Advocacy and Empowerment: The Rhizome in Gabriel Rodriguez

5 min readMar 10, 2022


By Michelle Mairena, twitter: @michemairena

When Wekiva High School senior Gabriel Rodriguez canvasses to get his neighbors registered to vote, he wears one of his great-grandfather’s cream striped playera shirts with a LGBT+ rainbow pin attached. He often wears this same outfit while phone banking for election legislation or while organizing voter registration drives at his high school, adding Taíno necklaces and large mal de ojo earrings to his look.

For Rodriguez, wearing these clothing pieces is not a matter of accessorizing (although he receives many compliments), but a way in which he proudly carries his Mexican, Puerto Rican, and trans teen identities that are what propel him into advocacy in the first place. This is the reason why, at just 17-years-old, Rodriguez co-founded “Rhizome”, a national youth-led non-profit focused on activating young people’s identities into action.

In a world that often shuns minority teens from civic spaces, Rodriguez’s community involvement is an unapologetic act of self-love — and he is just getting started.

Gabriel Rodriguez, 17, wears his grandfather’s cream striped “playera” shirt and “mal de ojo” earring. In a world that often shuns minority teens from civic spaces, Rodriguez’s proudly wears his Mexican, Puerto Rican, and LGBT+ identities. For Gabriel, community involvement is an unapologetic act of self-love.

His Family, An Inspiration

Rodriguez first inherited a passion for topical issues through his grandmother, who he has always bonded with by watching the evening news. His grandmother and his mother have also inculcated in him a love for his heritage by passing down recipes for Puerto Rican dishes such as arroz con gandules, which have helped Rodriguez actively celebrate where he comes from.

“I’ve been trying to decolonize myself and learn the roots of my ancestors,” he says while pointing to his Taíno necklaces. “It’s the little things: cooking gandules, making coffee a specific way, making sure you are not barefoot in your own household. Little things that make sure you know who you are,” he continues.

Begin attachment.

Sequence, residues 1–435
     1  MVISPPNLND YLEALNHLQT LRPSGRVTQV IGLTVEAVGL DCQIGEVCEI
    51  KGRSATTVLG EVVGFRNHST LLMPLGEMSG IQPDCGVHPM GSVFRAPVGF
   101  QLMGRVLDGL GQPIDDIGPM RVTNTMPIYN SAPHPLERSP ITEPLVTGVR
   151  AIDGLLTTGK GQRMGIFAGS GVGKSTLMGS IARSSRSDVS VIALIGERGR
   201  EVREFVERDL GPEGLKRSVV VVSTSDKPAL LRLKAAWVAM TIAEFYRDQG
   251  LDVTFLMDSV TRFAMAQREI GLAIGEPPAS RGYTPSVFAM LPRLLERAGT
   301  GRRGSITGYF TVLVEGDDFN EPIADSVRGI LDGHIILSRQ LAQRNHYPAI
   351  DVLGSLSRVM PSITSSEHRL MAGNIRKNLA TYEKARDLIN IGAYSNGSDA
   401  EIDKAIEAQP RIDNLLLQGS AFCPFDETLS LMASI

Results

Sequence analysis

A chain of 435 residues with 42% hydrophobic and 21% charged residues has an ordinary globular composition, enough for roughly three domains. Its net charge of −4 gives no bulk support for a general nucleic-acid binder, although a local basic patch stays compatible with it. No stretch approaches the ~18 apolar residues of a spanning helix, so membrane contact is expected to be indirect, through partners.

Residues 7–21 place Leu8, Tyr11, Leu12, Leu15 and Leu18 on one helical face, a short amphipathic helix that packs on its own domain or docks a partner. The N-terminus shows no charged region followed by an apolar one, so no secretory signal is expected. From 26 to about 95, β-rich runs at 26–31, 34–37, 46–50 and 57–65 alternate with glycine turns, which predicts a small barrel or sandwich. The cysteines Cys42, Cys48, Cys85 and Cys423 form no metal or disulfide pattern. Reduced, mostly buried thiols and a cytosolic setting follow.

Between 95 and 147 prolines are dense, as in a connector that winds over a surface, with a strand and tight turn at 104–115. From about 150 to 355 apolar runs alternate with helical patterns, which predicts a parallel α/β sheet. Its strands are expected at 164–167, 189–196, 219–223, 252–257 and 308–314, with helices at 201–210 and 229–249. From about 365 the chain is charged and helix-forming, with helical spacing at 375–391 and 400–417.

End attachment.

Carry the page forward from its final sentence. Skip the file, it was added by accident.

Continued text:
Today, his family is a major reason as to why Rodriguez cares about leaving a positive mark in his community: he wants to ensure his siblings, “his kids” as he calls them, grow up in a better world than he did. Living in an increasingly gentrified neighborhood in Orange County, Florida has specifically accentuated this sentiment for him, where experiencing microaggressions for being from a working-class Latine family are something he doesn’t want anyone to live through.

“It is not our goal to be objects to people,” says Rodriguez while talking about receiving stares for speaking Spanish. “It’s our job to be ourselves without fear. And I just want to make sure my kids don’t go through what I see everyday,” he exclaims with teary eyes, describing the constant struggle to have his presence acknowledged in certain spaces as a trans teen too.

“It’s every little microaggression that you get. It’s everything pushing you to not show yourself or not be who you are,” he says. “It’s not being seen in a room until I speak loud enough to where they make me be quiet.”

But Rodriguez never stays quiet. He continuously pushes himself to speak up in every space he inhabits, inspiring others to proudly do the same.

“Even when you think that others don’t see you, you see yourself,” he says. “It doesn’t matter: you see you. And you are not doing it for everyone else.”

Drive for Change & Past Work